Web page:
Torque Reaction Links - Suspending The Driven Axel

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Will L
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Torque Reaction Links - Suspending The Driven Axel

Postby Will L » Tue Mar 30, 2010 10:03 pm

On another thread ( link here) there is a description of a “torque reaction tab” which given my (possibly questionable) understanding may not do quite what is intended. So as not to hide what may turn into an informative topic at the end of a non obvious thread I’ve started a new one.

The purpose of a reaction tab as described by Morgan Gilbert, or reaction link as I know them, is to allow the driven axle to be compensated or sprung in the chassis. The problem being that the torque reaction will cause the motor/gearbox to try and revolve around the driven axle unless constrained in some way. Easy with a fixed axle, just rigidly attach the motor to the chassis, but not when you want the axle to be free to move relative to the chassis.

As I understand it, the forces produced when constraining the motor/gearbox need to be arranged so they act horizontally along the chassis or they will affect the performance of the suspension on the driving axle. The “classic” reaction link is configured like this.

reaction link.jpg
The link is horizontal and free to pivot at both ends, one of which should be directly above the axle, and the other one far enough away to ensure that the movement of the motor/gearbox is effectively vertical for the limited amount of up and down movement available to the axle.
reaction link.jpg (47.23 KiB) Viewed 4577 times


The torque reaction tab used by Morgan Gilbert would seem to me to ensure the torque reaction acts vertically in the chassis and will thus significantly effect the action of the suspension. Or am I wrong?

I have been puzzling over how I can justify why this is true, but my schoolboy physics/applied maths aren’t up to the task. However I’m sure there are others on here who could oblige. Russ?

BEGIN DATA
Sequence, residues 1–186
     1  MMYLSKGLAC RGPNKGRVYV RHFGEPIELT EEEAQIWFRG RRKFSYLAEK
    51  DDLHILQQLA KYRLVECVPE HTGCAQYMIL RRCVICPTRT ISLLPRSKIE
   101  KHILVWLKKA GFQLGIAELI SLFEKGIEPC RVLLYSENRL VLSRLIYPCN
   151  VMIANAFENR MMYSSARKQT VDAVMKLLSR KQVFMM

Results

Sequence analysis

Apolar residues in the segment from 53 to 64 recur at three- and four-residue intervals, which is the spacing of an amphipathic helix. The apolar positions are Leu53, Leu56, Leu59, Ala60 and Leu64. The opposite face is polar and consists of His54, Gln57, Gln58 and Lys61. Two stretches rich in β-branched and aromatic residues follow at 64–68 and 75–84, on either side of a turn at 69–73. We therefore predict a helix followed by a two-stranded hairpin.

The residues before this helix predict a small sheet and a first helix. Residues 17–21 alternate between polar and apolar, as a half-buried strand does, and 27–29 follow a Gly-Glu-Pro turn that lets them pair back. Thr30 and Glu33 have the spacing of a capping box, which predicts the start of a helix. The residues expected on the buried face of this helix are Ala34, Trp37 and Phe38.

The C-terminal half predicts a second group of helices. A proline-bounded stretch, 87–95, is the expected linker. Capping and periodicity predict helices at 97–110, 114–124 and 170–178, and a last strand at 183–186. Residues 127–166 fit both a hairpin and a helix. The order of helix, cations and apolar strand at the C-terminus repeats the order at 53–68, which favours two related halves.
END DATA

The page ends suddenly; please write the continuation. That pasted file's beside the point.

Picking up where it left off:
Will

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LesGros
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Re: Torque Reaction Links - Suspending The Driven Axel

Postby LesGros » Wed Mar 31, 2010 8:32 am

Hi Will,

The best way to understand it, is to consider all of the movements involved. Then think about which movements are required or acceptable.

You are correct in saying that with a fixed axle, the gearbox/motor assembly can be fixed to frame. and with a compensated or a sprung suspension some provision for movement is required.

Starting with the axle; the axle can move up and down in the horn guides. It can also rock laterally depending upon how sloppily the guides fit. This means that the gearbox assembly also needs to be able to rock from side to side, and to move up and down; but we must restrain it from rotation. If unrestrained, torque reaction would cause the assembly to rotate about the axle until something stopped it; a frame spacer or another axle. If you want to see it in action, hold the assembly by a wheel, apply power, and watch the gearbox and motor rotate about the axle. ( but mind your fingers!)

Now to the Tab which is a sliding fit in the slot. The tab is free to move vertically. There is room for movement side to side which means that the GB assembly can rock laterally as the wheels follow any unevenness of the track. It is the sides of the slot which restrain the assembly from rotation.